This is the eighth part of a multiple part series taking a deep dive into our current political and economic crisis in America. Partisan politics, unfettered corporate spending and recklessness along with a shift in our social acceptance of debt, is having far reaching and potentially devastating affects on our way of life, on the American Dream. With each installment we will take a closer look at some of the major pieces of this very complex puzzle and try to understand them and bring them into perspective. Use this opportunity to take a broader look on the political and social economic state of America and how each of us, as a small pieces of the puzzle, can make a difference.
In Debt or Indentured: Single Issue Voting
Another reason that the middle class has not unified to demand change from the government and subsequently their employers is that the American middle class has allowed their voices to be divided on the basis of single issues. These types of social issues have dominated American politics starting in the 1980’s with efforts to mitigate the effects of the 1973 Roe v. Wade Supreme Court decision that legalized abortion in America. The two major American political parties took strong positions supporting and denouncing legalized abortion in America. Through time there have been litanies of new social issues that have been added to the table to assist in dividing the middle class vote and creating a new type of voter. This new voter will vote on a single issue instead of demanding platforms that address their own personal issues that are affecting their everyday life instead of one single issue that the my only care about because of religious or personal convictions. Some of the issues that currently stifle America middle class voices are: abortion, stem cell research, gay marriage, euthanasia, gun control, and illegal immigration. The interesting thing about single issues or wedge issues is that when either party is in control of congress and The White House, little to nothing is done to change the issue. On the face it appears that there is a lack of political will to tackle such monumental social issues, but politicians on both sides ran with those issues central to their platforms.
There are many example of the bait-and-switch of wedge issues by both Democrats and Republicans. One for the Republican’s took place while controlling all of congress and The White House from 2003 through 2007. Almost every elected Republican took a stance in their run for office to work towards the limitation of abortion. Yet during this time period of Republican control, little to nothing was changed to limit abortion in America. This was done even though this wedge issue was used by most Republicans to motivate voters that saw this as a single issue to vote for. The Democrats did the same thing with stem cell research and gay marriage when controlling congress and the presidency from 2009 to 2011. This is sometimes referred to in political communities as pandering to the base or telling the base of the party what they want to hear. Once elected these politicians do not make it a priority to do anything about the issue until close to another election. This maneuver ensures a constant block of voters (mostly middle class) that will come out to vote for their party because the voter cares about this sole issue. This was seen with gay marriage and abortion in the U.S. Presidential Election of 2004 between then President George W. Bush and Senator John Kerry and again in the 2008 election between Senator John McCain and Senator Barack Obama. Even now in the run-up to the 2012 Presidential Elections, the sound of pandering to single issue voters are being displayed by both Former-Governor Romney and President Obama.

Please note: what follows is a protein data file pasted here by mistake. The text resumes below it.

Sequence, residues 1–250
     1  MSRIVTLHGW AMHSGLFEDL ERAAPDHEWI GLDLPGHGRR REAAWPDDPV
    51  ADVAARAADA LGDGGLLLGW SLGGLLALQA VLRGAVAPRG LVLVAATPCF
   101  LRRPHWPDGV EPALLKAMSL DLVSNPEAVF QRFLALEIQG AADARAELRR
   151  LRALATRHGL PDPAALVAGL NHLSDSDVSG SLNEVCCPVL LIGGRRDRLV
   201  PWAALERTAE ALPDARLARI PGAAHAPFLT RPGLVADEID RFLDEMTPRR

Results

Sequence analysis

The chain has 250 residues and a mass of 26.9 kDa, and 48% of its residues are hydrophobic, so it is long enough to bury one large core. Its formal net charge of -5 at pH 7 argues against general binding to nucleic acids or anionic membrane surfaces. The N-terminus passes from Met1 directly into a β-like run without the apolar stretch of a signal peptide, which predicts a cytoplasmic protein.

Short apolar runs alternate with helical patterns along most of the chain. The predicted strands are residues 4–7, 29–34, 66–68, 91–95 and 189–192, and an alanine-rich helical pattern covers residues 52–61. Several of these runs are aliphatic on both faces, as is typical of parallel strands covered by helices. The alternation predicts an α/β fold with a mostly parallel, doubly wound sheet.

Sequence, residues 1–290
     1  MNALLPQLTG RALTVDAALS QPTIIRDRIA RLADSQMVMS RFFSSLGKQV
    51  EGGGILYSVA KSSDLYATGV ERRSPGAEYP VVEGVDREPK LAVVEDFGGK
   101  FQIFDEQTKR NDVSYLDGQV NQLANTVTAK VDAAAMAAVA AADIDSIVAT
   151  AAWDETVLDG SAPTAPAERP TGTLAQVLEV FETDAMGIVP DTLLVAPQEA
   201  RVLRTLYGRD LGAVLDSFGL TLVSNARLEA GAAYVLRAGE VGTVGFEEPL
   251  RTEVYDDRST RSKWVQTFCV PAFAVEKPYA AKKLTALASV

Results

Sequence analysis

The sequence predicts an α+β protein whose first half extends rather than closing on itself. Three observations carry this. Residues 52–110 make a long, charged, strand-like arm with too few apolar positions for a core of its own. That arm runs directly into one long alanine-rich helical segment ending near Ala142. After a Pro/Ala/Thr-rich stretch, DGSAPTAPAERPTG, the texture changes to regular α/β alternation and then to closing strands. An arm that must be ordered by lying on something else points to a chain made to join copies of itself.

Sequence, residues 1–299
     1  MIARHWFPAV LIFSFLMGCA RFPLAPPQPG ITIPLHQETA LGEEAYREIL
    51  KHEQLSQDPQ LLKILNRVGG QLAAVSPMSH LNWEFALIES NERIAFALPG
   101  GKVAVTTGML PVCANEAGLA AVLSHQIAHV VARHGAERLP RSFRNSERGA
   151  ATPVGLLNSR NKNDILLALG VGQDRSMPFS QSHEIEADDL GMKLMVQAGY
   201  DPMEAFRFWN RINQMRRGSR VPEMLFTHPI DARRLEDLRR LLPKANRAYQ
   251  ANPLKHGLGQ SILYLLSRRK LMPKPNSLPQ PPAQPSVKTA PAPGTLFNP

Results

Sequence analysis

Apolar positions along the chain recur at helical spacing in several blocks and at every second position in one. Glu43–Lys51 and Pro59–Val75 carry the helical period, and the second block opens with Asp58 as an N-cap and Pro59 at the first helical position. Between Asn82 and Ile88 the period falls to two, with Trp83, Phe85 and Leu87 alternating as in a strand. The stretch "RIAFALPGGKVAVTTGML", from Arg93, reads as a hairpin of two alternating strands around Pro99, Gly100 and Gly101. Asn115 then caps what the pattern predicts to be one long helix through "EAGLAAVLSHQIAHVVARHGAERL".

Middle Class Divided
The division of the American middle class is important to both major political parties which have unlimited funds now available to them through the Supreme Court ruling in the Citizens United v. Federal Election Commission that classes corporations as individuals protected by freedom of speech through the form of political contributions to individual candidates as protected speech, this reported by Adam Liptak for the New York Times in his article titled, “Justices, 5-4, Reject Corporate Spending Limit.” This decision now entitles corporations to spend as much as they like on political contributions to individual candidates (Liptak). The dissenting Supreme Court justices warn, “allowing corporate money to flood the political marketplace would corrupt democracy” (Liptak). This ruling allows corporations to act as individuals in order further influence elections through money. All though as a corporation it will not be able to vote in that very same election since it is not a person or a citizen.
That’s it for this part of In Debt or Indentured. We hope that this has given you some important things to think about. Use some of what you have learned here to look beyond the mere message our politicians are presenting to what the ramifications of these actions has on all of us Americans. Our country started down a slippery slope over a decade ago. We seemed to have stopped the free fall it had become, but do not fool yourself. We are still on the precipice of another long fall. Let’s just hope we all can learn, and grow, from the last spill we took.
Check back soon for the next installment of In Debt or Indentured.